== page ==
NEW YORK (AFP) - Wall Street stocks on Thursday snapped a two-day losing streak, surging after big US banks cleared Federal Reserve stress tests and the dollar retreated from a 12-year high.
The Dow Jones Industrial Average surged 259.83 points (1.47 per cent) to 17,895.22.
The broad-based S&P 500 jumped 25.71 (1.26 per cent) to 2,065.95, while the tech-rich Nasdaq Composite Index rose 43.35 (0.89 per cent) to 4,893.29.
Dow members JPMorgan Chase and Goldman Sachs and other large banks rose strongly after the Fed's stress-test review gave the green light for dividend increases and share repurchases.
The dollar retreated modestly after hitting a 12-year high on Wednesday. Despite the easing, equity investors are still worried a strong greenback will dent US exports, said Mace Blicksilver, director of Marblehead Asset Management.
"Enjoy the rally why it's here... but I don't think we're going to see new highs any time soon," he said.
Dow member United Technologies advanced 2.5 per cent on news it is considering a possible tax-free spinoff of its Sikorsky Aircraft business.
Intel, another Dow member, fell 4.7 per cent after slashing its first-quarter revenue outlook due to weaker-than-expected demand for business desktop personal computers.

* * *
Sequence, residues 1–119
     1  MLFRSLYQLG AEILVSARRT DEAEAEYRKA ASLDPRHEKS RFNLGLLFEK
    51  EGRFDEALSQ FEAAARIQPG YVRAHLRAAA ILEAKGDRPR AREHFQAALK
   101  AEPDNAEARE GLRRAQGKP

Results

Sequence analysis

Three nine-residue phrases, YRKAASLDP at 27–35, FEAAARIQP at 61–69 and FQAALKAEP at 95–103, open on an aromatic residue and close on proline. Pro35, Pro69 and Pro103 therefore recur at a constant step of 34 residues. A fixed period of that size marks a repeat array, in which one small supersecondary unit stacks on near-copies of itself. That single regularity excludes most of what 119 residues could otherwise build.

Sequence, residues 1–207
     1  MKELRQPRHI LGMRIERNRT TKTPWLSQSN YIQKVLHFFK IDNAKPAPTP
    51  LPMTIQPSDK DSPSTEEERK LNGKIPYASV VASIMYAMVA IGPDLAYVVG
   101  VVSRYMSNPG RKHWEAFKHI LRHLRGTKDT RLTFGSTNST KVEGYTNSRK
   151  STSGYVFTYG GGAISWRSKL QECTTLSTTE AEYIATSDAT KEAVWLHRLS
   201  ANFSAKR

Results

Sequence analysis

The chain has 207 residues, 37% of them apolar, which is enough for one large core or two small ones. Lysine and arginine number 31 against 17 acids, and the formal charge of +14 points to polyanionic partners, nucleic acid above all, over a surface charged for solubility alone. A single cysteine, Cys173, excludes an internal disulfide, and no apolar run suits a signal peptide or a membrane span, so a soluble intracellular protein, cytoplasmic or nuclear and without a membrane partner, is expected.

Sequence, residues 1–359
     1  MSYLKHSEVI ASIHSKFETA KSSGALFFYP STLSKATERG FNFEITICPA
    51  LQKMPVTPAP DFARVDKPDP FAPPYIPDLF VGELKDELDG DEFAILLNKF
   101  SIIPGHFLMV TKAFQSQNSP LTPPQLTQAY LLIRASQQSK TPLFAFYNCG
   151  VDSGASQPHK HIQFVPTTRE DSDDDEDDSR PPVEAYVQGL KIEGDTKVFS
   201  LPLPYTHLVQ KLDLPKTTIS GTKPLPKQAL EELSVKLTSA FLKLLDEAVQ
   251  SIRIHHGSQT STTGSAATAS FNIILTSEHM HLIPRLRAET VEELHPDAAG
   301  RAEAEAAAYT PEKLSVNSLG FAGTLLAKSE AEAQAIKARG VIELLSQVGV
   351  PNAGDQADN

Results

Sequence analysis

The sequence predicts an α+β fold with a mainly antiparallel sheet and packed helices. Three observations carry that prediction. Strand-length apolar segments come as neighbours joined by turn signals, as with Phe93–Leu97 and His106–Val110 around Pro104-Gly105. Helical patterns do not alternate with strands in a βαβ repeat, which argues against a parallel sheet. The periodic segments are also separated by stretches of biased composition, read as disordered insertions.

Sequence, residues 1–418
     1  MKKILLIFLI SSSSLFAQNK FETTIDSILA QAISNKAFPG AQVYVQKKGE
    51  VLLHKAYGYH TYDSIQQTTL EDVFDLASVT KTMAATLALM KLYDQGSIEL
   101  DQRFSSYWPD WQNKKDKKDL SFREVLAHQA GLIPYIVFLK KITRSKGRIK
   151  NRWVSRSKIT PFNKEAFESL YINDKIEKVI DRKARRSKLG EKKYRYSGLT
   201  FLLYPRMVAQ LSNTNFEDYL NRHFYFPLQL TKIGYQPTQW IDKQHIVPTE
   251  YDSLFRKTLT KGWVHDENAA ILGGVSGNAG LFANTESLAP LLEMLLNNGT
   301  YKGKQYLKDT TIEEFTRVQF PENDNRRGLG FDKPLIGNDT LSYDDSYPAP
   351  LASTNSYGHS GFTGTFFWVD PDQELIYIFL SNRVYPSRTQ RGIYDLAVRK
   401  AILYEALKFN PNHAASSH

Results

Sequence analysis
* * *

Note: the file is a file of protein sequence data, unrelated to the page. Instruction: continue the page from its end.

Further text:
Microsoft, another Dow member tied to the PC business, fell 2.3 per cent.
Other technology companies posted strong gains, including Apple (+1.8 per cent) and online retailer Amazon (+2.2 per cent).
Dow member Disney climbed 4.2 per cent after saying it plans a sequel to the wildly popular Frozen animated movie.
Acadia Pharmaceuticals plummeted 22.2 per cent after announcing it was expanding the timeframe of its new drug application for Nuplazid, a treatment for Parkinson's disease psychosis, from the current first quarter to the second half of 2015.
Acadia also announced that Uli Hacksell had resigned as chief executive and would be replaced by interim chief Steve Davis, the company's chief financial officer.
Bond prices were mixed. The yield on the 10-year US Treasury held steady at 2.11 per cent, while the 30-year rose to 2.69 per cent from 2.68 per cent Wednesday. Bond prices and yields move inversely.